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The Hottest Sergeants Major of the Army, Ranked

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Sgt. Maj. Daniel A. Daily took his oath of office Jan. 31, becoming the youngest, hottest, Sgt. Maj. of the Army since the position was created in 1966.

Every Chain-of-Command Display across the Army is getting a little more delicious as Secretary of the Army John McHugh’s surfer-boy tan gets some company and competition from “Dreamboat” Daily.

Certainly an SMA for the Facebook age, those baby blues are sure to get a few likes. He’s an easy choice for #1.

#2 — Silas L. Copeland

Slias_Copeland

1970-1973

Doesn’t this silver fox just look like he’d listen to you and rub your feet? Check out that Bronze Star Medal with a V device and four oak leaf clusters. If we were in high school, he could have my V-device, if you know what I mean.

#3 — Kenneth O. Preston

Kennth_Preston_2010

2004-2011

Kenneth O. Preston is the Army’s longest-serving Sgt. Maj. of the Army. I think we all appreciate a man with endurance.  Just because I like a Citizen Soldier (I’m looking at you, SMA Jack Tilley) doesn’t mean I want a minute man.

#4 — William O. Wooldridge

William_Wooldridge

1966-1968

Ever have trouble deciding between the brains and class of the Air Force and rugged boyish charm of the Army?  Look no further than the first SMA, whose Air Medal has five Oak Leaf Clusters. If that’s not enough, the Belgian Croix de Guerre says, “I’d invite you to my hot tub and share a framboise lambic with you.”

He may have been under investigation from the Department of Justice for taking kick-backs in the Non-Commissioned Officer Club system in Vietnam, but he could take me to the club any day.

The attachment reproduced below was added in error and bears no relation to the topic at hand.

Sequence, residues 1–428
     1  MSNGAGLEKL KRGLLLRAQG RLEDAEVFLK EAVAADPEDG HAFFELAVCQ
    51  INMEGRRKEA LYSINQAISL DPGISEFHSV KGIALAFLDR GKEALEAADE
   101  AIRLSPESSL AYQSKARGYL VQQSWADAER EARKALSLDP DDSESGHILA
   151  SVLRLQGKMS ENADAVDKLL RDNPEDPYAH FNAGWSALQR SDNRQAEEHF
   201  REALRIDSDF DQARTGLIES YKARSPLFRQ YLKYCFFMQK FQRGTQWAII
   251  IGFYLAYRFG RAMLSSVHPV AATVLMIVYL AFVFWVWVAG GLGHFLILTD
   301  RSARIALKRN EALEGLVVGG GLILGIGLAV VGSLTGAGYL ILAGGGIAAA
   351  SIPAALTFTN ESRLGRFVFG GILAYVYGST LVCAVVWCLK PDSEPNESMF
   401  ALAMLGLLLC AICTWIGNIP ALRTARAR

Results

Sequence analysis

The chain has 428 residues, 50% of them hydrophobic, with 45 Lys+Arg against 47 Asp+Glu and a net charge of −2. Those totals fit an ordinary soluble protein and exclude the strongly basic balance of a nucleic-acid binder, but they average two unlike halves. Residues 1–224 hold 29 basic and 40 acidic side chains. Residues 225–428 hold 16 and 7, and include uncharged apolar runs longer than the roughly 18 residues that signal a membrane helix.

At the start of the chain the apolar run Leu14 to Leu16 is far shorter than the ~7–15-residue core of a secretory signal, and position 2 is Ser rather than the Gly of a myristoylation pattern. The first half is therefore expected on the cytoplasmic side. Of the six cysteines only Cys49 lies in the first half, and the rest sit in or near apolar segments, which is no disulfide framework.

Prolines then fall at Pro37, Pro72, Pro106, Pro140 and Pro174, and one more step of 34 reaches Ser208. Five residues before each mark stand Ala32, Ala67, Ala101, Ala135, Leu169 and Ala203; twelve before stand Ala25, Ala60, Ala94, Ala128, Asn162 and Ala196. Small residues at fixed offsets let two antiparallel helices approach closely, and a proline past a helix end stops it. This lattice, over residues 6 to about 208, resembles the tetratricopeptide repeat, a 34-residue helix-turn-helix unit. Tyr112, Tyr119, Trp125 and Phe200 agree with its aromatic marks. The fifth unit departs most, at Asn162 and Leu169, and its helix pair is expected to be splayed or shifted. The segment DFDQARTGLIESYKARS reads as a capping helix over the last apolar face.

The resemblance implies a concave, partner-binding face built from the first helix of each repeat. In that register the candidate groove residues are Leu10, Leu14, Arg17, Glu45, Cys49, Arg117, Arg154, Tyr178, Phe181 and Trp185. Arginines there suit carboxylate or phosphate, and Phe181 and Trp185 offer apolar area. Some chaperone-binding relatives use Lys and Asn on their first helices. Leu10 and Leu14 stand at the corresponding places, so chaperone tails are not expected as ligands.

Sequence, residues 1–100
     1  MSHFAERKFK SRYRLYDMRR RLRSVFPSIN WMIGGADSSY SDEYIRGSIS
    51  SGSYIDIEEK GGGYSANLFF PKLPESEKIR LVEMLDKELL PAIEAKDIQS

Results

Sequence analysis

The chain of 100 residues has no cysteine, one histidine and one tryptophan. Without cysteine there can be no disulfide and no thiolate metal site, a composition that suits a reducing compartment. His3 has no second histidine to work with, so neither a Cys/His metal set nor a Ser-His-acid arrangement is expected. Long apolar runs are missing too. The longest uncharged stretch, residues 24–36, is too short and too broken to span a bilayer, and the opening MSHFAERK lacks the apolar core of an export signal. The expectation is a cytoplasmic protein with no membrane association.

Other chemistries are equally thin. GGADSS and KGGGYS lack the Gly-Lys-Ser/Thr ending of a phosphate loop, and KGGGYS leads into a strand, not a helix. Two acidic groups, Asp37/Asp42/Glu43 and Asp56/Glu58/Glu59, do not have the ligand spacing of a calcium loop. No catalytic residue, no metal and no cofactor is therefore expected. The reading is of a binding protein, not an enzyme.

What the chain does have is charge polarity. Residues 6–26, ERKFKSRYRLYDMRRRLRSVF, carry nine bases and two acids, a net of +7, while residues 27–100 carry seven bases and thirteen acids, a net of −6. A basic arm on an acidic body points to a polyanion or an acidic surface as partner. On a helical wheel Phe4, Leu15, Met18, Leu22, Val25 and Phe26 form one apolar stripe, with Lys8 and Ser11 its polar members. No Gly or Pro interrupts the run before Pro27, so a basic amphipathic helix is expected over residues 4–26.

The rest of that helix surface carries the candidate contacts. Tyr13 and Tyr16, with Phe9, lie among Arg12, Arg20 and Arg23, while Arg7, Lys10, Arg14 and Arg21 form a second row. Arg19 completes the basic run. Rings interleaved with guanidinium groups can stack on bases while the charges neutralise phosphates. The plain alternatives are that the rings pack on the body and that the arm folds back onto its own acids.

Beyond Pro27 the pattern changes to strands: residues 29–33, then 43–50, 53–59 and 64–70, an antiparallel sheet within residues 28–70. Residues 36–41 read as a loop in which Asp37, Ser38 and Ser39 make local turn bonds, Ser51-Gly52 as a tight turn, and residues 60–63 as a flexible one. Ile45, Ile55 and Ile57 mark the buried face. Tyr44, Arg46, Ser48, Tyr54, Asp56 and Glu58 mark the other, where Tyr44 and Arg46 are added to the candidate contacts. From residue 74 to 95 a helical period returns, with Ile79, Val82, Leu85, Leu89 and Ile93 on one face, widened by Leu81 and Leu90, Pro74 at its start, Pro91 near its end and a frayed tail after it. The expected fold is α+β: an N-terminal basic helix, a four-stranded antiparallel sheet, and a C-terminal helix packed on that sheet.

#5 — George W. Dunaway

George_Dunaway

1968-1970

SMA George “Runaway” Dunaway can run away with my heart. He’s a two all around: Second SMA, two Combat Infantry Badges. Girls love to have a CIB for each hand.

#6 — Gene C. McKinney

Gene_McKinney

1995-1997

SMA McKinney, I know that you had your problems with sexual harassment that led to your resignation, but if you’re reading this, call me. You can’t harass the willing.

BlondesOverBaghdad always lets someone else have the top block, because that's the selfless service thing to do. She'll go to Ranger School as soon as there's a 2-beer per day policy. @BlondsOvrBaghd on Twitter.

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Army

Former PT stud now lives in barn

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CLARKSBURG, W. Va. — A retired 82nd Airborne soldier who was once known for having the fastest two-mile run time in his battalion currently lives in a barn, horses confirmed today.

Thomas Chatterton, 32, of Clarksburg, entered basic training at Fort Benning in 2004, where instructors quickly noticed his speed and endurance on the track, said one horse who lives in the barn with Chatterton.